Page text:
Renegade Tail Lights: A Tale of Two Xs
Driving up Detroit’s Woodward Avenue on a rainy Summer evening, a Jeep Renegade suddenly jammed on it’s brakes in front of me. I could take the abrupt braking in stride, but I was surprised—even disturbed—to see two brake lights with a red background and two bright Xs staring at me. My immediate reaction was that the tail lights seemed to be flashing me a death sign—a cartoonish one, but a death sign nonetheless. I could only associate these tail light Xs with the Xs on eyes used to “playfully” represent death (and sometimes embarrassment or trouble) in everything from Betty-Boop-Era cartoons, Anime characters, and even the logo of the recently released Suicide Squad movie.
Renegade Tail Lights
Photograph: Chris Flanagan
Jeep Renegade tail lights at night
2008 tail lights concept
Whether ghoulish or cartoonish, somehow, I don’t think this was the intention of the designers and engineers at Chrysler who came up with these tail lights.
I have no doubt that this design detail was given great consideration. Maybe these lights were supposed to be an expression of the edgy, rebellious “Renegade” brand, but this seems to me to be another design decision with unintended meaning.
All of this raised a question in my mind: From Egyptian Sun Gods to Christ, the unknown, the forbidden, a multiplier, a generation, a movie rating, railroad crossings and now the xBox, a single X has had a very long history across cultures as a symbol, a mark or an identifier.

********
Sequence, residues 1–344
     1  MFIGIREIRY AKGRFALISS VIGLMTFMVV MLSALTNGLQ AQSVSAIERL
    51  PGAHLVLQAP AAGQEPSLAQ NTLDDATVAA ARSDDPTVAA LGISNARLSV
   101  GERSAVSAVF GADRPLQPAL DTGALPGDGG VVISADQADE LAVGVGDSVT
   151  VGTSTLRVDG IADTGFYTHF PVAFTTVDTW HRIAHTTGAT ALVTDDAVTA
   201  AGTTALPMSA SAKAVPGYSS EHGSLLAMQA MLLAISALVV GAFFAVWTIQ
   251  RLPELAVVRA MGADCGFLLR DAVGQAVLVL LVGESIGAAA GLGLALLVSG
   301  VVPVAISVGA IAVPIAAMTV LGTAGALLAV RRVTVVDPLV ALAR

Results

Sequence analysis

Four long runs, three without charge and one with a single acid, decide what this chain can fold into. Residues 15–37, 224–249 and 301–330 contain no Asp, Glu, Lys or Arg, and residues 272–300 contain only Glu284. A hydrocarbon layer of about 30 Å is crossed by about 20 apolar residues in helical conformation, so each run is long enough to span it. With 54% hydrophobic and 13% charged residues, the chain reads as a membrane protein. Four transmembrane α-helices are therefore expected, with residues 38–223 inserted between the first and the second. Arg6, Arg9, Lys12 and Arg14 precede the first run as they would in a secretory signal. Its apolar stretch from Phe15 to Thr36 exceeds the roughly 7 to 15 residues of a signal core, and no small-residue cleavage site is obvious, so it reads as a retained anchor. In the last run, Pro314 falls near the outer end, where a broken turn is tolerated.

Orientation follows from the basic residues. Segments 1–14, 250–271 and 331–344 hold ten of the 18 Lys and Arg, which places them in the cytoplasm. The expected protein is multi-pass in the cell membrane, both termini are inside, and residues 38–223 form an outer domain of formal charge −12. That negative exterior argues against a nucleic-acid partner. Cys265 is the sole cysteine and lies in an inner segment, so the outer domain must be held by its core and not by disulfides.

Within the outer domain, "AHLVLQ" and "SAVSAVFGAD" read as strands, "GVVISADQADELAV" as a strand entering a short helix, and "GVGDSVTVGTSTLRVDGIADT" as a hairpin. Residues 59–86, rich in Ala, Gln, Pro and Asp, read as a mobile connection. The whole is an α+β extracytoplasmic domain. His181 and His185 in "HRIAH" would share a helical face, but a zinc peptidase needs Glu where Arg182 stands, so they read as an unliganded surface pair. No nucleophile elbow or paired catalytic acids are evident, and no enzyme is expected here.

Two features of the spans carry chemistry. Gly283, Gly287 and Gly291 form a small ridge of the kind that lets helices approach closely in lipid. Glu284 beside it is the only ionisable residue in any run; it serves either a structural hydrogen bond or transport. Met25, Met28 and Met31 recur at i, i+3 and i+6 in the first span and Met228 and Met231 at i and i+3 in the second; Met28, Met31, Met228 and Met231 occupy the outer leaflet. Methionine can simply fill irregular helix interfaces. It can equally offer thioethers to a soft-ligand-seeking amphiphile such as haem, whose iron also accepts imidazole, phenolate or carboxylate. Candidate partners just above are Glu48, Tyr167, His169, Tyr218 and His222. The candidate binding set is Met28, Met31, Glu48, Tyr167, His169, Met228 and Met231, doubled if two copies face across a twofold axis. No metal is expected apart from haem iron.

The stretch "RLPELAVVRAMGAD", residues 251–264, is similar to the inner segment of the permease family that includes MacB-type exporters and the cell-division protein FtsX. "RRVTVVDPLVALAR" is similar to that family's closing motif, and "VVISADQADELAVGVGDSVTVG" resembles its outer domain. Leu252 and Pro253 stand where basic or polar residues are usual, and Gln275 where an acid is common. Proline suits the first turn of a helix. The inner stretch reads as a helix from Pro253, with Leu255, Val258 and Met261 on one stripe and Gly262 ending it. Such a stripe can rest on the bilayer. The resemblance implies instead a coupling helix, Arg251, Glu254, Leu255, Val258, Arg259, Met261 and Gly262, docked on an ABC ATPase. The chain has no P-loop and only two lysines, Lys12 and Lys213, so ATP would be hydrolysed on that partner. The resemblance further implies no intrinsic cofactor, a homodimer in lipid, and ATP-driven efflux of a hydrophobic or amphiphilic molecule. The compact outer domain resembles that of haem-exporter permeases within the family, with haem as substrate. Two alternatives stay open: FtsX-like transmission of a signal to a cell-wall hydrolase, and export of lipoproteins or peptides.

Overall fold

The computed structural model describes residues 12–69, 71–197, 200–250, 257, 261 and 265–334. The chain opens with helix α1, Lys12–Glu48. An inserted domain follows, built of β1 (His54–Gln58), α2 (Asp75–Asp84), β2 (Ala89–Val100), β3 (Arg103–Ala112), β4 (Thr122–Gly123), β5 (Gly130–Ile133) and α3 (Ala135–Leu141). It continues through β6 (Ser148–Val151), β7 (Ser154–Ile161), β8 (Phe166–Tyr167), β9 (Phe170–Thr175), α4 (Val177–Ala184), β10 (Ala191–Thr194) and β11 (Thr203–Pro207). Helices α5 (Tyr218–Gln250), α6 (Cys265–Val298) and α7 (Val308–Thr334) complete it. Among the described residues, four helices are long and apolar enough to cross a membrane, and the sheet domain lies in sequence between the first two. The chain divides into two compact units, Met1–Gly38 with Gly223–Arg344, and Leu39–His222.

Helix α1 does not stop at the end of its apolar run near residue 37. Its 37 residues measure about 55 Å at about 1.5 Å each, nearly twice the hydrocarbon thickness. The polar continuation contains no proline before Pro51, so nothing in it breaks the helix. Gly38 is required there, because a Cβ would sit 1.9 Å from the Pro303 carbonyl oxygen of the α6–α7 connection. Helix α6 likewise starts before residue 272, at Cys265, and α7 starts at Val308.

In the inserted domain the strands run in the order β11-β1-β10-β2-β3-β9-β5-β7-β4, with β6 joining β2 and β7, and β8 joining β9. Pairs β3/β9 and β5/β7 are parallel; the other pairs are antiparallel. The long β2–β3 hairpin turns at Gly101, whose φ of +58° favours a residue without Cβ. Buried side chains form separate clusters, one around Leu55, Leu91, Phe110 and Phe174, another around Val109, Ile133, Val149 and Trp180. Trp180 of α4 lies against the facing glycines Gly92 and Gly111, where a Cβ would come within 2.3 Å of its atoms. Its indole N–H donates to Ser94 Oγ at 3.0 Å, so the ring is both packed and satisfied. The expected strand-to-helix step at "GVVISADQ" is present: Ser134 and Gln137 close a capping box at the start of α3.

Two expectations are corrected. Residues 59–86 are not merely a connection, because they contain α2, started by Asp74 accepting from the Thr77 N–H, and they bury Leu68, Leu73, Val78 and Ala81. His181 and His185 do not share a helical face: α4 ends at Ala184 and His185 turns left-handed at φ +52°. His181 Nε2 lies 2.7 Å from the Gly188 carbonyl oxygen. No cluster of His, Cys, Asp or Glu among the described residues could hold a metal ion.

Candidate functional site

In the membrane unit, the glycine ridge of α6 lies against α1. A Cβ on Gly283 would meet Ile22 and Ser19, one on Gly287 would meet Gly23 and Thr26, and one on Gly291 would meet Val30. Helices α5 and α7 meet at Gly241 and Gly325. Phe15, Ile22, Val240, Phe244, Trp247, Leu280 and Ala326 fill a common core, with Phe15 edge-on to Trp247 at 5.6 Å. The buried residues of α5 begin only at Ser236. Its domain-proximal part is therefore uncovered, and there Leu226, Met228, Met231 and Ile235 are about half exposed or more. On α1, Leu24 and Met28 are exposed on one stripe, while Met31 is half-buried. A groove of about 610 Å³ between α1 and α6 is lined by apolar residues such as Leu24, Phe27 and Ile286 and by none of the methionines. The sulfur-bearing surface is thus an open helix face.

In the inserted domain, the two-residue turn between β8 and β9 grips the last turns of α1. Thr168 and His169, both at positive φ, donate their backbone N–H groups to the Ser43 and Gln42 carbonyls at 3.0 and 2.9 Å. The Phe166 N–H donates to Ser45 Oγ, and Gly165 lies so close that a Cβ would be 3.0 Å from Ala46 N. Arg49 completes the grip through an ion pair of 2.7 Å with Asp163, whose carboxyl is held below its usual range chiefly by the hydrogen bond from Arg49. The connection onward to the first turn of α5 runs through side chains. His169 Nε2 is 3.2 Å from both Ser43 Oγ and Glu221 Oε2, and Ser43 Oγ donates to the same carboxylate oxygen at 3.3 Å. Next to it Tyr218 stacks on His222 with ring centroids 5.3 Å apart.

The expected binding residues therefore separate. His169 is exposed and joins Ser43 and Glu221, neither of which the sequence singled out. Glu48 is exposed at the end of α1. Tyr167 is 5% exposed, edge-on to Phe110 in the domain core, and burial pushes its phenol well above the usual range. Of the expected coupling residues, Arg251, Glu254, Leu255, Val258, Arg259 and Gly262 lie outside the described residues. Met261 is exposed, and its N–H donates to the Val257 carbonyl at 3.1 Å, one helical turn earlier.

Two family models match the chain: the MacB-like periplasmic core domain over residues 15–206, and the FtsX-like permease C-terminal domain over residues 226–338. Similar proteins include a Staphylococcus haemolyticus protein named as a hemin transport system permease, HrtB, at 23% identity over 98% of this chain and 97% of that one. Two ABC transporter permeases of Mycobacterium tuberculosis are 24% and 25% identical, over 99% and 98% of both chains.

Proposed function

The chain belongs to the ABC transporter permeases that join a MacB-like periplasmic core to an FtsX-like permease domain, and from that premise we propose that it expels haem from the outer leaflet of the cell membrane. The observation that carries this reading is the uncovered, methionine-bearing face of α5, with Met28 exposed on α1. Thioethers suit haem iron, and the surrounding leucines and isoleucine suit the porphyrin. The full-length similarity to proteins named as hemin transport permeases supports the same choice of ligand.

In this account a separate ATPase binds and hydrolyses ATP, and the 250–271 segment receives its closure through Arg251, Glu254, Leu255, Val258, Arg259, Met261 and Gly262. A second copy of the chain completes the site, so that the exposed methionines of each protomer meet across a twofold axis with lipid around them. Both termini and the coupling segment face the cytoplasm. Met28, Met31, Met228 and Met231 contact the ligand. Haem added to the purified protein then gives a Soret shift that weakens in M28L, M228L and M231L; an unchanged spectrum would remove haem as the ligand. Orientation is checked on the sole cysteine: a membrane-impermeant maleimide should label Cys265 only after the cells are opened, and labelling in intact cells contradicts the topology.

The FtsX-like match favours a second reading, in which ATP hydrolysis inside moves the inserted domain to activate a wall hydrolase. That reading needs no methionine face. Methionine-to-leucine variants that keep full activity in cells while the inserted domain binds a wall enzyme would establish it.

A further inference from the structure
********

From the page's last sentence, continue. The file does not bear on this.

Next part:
Two Xs has it’s own distinct meaning. Historians have established that in ancient Greece and Rome coins were placed over the eyes of the deceased when they were buried. This was a way to keep their eyes closed to prevent evil spirits from entering the body, and to pay Chiron, the ferryman who transported the bodies to the land of the dead.
Two Xs also has a less spiritual, even practical, history. During the plague the eyes of the dead needed to be sealed shut to prevent their popping open and possibly spreading the disease. Another possibility: To those viewing the deceased in repose, popping eyes must have been quite a disturbing sight. So sewing their eyelids shut with an X pattern sealed the deal, so to speak.
So, how did two Xs wind up over cartoon eyes (sometimes with a hanging tongue or a bouquet of flowers) to signify death? This came about as another practical and definitely non-spiritual solution: Cartoonists found it a good way to differentiate between sleeping characters and dead ones.
So do the two Xs mean the Renegade has come to a dead stop?